Monday February 25th, 2013

The exercise:

Write about: the memorial.

The days seem to be speeding past lately. So much I want to do, so little of it actually getting done...

Mine:

Here lies my self-confidence,
Taken from me much too soon;
Felled by vile, spiteful critics
Who just sing their same old tune.

It is a sad admission
That most of them lived within;
I found it too difficult
To flee knives under my skin.

Perhaps a resurrection
Will one fine day be achieved;
And though I am filled with doubt,
I'm used to being deceived.

3 comments:

Greg Bennett said...

That's quite a bittersweet poem really; I rather like it. I think my favourite line is that about knives under the skin .
And though I agree the days are getting magically shorter somehow, mine still seemed filled with stuff. Just stuff I don't especially want to do. (For example, this the second morning in a row that we've had a fire alarm before 8am...)

The memorial
The sky was pale grey but drizzling with enthusiasm, and the large, sparkly drops splattered down on the folks gathered around the grave. They soaked through coats with ease, and sank into expensive dresses and shirts, making colours run and fade. This was a funeral for more than just a man, it was a funeral for the respect of his friends and their patience for his continued destruction of their property. Me? I was just there to report back to Mad Frankie that Colin Tamagotchi was actually dead.
"Dearly beloved," began the priest, a man I'd seen just two days ago twisting the head off a sheep to make a point during his sermon. I had no idea what he loved, but I was pretty sure I wanted none of it. The dank mourners shuffled their feet in their patent leather Oxford Brogues and pretended to listen while he listed platitudes about a vile excuse for a human being, and edged around grave, checking the coffin for signs that the lid might be opening. When he finished, at last, he picked up a handful of mud and tossed it on the coffin.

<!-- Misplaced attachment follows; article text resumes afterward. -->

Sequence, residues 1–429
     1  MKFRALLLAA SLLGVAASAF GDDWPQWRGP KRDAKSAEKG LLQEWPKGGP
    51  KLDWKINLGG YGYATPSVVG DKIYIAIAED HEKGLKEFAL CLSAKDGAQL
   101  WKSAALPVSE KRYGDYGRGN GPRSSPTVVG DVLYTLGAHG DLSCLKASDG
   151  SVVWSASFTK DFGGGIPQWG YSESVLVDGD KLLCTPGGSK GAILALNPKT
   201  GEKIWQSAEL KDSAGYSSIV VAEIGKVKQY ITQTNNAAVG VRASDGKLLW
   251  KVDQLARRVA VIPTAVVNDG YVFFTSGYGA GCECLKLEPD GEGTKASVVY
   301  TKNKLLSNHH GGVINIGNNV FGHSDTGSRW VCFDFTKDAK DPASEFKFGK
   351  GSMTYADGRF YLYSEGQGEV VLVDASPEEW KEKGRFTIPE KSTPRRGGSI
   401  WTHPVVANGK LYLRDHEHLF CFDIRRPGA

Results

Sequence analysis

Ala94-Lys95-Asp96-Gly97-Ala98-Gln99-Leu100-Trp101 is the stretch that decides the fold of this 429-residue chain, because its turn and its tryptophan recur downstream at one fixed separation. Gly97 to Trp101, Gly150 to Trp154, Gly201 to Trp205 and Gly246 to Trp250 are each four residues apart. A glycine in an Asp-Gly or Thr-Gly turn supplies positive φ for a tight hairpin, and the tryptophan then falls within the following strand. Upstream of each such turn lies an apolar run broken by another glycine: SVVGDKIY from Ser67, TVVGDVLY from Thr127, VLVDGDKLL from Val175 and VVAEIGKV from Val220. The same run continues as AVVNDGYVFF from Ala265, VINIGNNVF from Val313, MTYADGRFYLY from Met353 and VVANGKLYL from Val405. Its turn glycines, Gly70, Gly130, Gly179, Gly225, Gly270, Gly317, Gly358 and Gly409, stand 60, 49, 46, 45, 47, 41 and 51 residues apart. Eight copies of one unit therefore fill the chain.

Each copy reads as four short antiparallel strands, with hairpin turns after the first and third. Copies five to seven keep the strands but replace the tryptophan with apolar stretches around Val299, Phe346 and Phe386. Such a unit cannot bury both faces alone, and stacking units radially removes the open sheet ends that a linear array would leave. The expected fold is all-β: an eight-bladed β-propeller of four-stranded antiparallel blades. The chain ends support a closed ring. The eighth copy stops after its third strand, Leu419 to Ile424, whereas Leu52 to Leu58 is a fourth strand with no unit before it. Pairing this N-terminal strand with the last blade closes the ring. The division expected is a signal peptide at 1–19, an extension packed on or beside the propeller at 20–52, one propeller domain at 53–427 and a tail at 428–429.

"One moment!" A man wearing a balaclava to hide his identity (apparently unaware that the family crest discretely monogrammed at the neck gave him away) waved a hand. "We wish to honour our comrade with a suitable memorial."
"Go ahead," said the priest, looking confused. The hand waved again, and the air filled with the beeping alarm of an HGV backing up to the grave and then the hydraulic gasp of a flat-bed being lifted and dumping a hundred-weight of concrete into the grave and over the ground around. It splattered and splashed, but no-one said a word.
"What?" asked the priest, a little dazed.
"When it sets the sculptor will carve an angel," said the man. "We think the deceased would appreciate it."
I turned away; if Tamagotchi had been faking his own death I was sure that it had all just gone horribly wrong for him.

morganna said...

A cardboard box of ashes under the bed
Not how I wanted to remember Grandma
Just bury her already!

Marc said...

Greg - I think the rule is that if the first two are false alarms, you're allowed to ignore the third.

Cute new profile pic, by the way :)

Great scene. That's definitely a fine way to make sure that whoever is inside the coffin remains there :P

Morganna - under the bed doesn't seem like a terribly fitting final resting place for anyone, does it?